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4.4 out of 5 stars
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4.4 out of 5 stars
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on 25 July 2017
Julia Child's autobiography doesn't just tell the story of a woman whose life was changed (saved, even?) by learning French cuisine. It also recounts the inspiring and challenging experience of two relatively well travelled postwar Americans adapting to the paranoia and insularism of McCarthyism and staying strong.
Julia and Paul Child worked professionally in the "cultural attaché" sector of the US ambassadorial wing, at a time when such work became doubly tainted. Whilst Paul was working to share US culture and propaganda, he was to fall under suspicion of being a spy for the Communists because of his having been posted to "the wrong" countries by earlier administrations. Meanwhile, to save herself from boredom, Julia learns to cook at the Cordon Bleu school and discovers a talent for (literally) translating the cookery of France into a book that works for the American housewife. It's a fascinating view of how the postwar 1950s and 1960s shaped US culinary history at a time when kitchen technology and the media made cookery shows and books an accessible teaching tool for the masses. On this side of the Pond, Elisabeth David and the Electricity and Gas Board Ladies were spreading a similar gospel, but Child became a mass media icon. How she did it is worth reading. Ignore the Julie/Julia hype and read the book, and you're going to have a much better understanding not only of the culinary culture in France but of what shaped the USA in the sixties. It may even shed light on some of the current régime's behaviours...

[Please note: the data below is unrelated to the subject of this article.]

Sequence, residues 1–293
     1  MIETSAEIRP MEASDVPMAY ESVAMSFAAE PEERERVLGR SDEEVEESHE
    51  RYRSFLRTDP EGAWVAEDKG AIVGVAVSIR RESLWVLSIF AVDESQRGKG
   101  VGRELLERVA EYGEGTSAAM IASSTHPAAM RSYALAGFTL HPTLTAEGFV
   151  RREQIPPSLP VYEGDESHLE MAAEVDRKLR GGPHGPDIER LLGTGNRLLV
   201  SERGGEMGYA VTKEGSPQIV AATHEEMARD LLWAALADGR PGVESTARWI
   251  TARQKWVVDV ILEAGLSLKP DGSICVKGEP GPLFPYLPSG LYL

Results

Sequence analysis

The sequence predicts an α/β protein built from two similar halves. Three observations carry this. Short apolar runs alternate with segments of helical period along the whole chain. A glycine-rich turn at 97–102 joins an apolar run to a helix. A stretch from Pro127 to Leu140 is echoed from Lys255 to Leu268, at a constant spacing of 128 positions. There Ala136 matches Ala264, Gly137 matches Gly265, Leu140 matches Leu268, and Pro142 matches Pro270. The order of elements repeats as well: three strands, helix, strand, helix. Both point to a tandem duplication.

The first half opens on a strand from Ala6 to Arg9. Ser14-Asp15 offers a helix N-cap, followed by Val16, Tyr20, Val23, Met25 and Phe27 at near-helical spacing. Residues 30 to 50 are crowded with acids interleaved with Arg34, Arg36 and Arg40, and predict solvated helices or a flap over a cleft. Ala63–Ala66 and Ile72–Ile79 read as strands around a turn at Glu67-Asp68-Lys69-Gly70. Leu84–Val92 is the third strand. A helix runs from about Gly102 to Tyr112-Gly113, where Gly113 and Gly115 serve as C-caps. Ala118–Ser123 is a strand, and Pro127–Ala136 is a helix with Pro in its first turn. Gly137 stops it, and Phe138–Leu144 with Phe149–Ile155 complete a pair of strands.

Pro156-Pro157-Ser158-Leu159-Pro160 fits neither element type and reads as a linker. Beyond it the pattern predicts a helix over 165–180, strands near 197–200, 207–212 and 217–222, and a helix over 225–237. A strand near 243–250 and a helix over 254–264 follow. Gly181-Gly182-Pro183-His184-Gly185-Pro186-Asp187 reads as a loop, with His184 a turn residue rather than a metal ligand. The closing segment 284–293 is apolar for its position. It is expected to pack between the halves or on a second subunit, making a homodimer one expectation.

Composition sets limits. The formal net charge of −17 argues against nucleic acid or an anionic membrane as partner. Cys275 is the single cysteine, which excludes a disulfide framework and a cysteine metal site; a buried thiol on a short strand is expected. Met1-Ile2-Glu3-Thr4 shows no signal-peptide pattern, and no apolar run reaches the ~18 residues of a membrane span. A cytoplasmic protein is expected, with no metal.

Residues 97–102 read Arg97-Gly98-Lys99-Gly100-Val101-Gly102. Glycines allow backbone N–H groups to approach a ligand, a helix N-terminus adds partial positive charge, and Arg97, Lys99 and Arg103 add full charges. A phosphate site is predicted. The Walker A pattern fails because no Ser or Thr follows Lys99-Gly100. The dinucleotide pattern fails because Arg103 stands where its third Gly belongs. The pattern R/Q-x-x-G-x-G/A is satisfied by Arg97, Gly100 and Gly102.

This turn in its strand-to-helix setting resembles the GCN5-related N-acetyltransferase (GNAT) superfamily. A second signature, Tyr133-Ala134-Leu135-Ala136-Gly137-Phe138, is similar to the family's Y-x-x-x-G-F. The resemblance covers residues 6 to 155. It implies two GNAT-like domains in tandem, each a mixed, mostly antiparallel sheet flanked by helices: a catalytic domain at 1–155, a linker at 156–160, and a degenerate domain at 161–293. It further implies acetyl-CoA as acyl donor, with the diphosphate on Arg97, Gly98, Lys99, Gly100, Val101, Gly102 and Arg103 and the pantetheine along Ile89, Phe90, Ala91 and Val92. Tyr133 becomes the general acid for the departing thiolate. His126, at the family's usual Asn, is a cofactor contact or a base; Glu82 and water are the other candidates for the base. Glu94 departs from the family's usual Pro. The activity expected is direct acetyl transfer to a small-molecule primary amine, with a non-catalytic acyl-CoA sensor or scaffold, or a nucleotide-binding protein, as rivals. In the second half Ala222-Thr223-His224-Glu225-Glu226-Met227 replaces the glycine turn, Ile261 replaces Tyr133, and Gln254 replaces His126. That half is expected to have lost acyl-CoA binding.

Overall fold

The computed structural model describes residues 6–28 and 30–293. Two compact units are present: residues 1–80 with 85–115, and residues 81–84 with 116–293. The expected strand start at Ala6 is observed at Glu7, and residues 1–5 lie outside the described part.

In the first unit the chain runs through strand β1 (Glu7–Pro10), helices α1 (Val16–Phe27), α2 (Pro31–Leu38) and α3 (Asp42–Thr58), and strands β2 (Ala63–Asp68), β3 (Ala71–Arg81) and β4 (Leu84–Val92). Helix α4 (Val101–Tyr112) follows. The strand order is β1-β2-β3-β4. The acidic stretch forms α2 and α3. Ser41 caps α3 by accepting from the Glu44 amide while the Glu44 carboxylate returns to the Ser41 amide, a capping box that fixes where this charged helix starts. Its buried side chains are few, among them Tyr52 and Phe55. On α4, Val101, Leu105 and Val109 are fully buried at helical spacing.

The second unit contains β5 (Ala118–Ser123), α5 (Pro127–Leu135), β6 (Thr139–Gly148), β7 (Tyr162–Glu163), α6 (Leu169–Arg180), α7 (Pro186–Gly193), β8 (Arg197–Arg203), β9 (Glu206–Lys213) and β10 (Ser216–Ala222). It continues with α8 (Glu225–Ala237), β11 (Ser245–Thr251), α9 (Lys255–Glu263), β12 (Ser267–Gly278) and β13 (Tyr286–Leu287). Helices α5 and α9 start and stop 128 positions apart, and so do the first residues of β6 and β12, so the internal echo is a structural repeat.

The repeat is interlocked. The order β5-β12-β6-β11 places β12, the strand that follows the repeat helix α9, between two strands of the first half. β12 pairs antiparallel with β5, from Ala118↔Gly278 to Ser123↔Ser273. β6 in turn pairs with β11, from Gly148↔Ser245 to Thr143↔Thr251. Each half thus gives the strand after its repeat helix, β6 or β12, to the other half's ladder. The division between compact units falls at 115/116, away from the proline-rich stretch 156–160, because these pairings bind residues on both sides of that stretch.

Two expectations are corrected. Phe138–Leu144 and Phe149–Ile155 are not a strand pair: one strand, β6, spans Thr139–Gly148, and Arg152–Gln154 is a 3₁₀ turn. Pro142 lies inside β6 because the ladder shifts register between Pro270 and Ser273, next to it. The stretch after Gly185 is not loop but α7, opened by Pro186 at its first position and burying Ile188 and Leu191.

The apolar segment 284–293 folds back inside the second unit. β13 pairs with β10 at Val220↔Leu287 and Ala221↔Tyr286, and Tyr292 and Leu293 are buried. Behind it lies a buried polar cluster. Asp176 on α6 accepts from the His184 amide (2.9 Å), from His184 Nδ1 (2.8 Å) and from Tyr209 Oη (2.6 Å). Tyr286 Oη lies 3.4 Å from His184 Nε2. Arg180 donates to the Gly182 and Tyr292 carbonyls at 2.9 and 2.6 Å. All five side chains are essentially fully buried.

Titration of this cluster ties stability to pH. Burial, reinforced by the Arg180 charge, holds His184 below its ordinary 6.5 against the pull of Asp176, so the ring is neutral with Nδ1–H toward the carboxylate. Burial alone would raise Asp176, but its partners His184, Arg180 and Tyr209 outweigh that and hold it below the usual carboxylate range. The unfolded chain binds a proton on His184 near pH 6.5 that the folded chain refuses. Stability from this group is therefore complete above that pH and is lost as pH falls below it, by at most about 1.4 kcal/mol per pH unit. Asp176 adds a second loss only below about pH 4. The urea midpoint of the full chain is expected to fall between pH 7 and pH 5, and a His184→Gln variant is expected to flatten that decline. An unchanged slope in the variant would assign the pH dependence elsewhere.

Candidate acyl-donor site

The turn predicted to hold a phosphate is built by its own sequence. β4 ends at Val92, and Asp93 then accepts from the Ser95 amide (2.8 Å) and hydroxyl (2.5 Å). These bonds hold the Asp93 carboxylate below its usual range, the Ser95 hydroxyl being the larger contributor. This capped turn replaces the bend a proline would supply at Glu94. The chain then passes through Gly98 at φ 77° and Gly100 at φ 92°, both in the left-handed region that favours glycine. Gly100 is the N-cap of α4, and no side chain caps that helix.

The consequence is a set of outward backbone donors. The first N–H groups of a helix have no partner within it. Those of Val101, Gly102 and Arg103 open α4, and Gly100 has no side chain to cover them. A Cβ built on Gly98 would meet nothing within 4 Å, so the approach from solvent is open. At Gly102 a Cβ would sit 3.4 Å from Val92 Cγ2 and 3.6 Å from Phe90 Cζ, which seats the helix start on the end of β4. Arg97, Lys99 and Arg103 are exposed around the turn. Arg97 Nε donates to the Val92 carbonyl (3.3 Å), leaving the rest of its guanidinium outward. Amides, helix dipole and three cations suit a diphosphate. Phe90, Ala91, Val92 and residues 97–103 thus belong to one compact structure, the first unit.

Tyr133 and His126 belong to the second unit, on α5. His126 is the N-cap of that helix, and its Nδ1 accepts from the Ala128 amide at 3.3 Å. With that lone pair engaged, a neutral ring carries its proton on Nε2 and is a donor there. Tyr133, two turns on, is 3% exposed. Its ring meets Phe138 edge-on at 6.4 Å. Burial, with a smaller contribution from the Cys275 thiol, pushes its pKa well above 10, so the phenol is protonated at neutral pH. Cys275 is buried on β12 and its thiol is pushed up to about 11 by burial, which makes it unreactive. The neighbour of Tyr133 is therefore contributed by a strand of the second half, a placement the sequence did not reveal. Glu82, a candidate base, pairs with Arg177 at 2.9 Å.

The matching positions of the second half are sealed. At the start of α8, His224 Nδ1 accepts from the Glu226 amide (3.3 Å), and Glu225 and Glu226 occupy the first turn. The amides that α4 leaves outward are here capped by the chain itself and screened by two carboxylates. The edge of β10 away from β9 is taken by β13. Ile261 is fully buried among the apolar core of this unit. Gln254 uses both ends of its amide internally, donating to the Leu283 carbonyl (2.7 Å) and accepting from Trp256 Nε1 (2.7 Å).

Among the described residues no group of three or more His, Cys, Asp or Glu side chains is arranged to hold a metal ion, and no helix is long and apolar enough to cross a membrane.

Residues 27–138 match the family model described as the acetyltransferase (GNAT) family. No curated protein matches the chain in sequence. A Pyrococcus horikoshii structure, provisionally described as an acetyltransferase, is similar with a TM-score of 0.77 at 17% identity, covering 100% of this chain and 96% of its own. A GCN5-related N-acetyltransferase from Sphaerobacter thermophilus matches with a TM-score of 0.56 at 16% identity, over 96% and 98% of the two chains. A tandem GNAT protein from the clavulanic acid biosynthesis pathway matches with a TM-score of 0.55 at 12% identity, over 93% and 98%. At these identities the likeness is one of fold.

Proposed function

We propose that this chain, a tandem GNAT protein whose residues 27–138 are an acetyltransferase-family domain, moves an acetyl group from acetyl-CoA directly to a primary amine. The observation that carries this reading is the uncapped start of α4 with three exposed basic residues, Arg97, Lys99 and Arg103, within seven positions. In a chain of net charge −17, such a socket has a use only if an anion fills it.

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My Life in France is the most entertaining memoir I've read in 2006! It's a winner.

I first met Julia Child under unusual circumstances. My consulting firm was located down the street from where she got her hair done. Every Friday night, she would be seen peering into the windows to look at our art collection. After a few weeks of this, I walked outside and invited her in to tour the work up close. She was immediately studying everything from about three inches away. She thanked me politely and charged out the door. There was no hint of the slightly tipsy person filled with laughter who hosted The French Chef. Ah . . . I felt like I had met the real woman beneath the persona.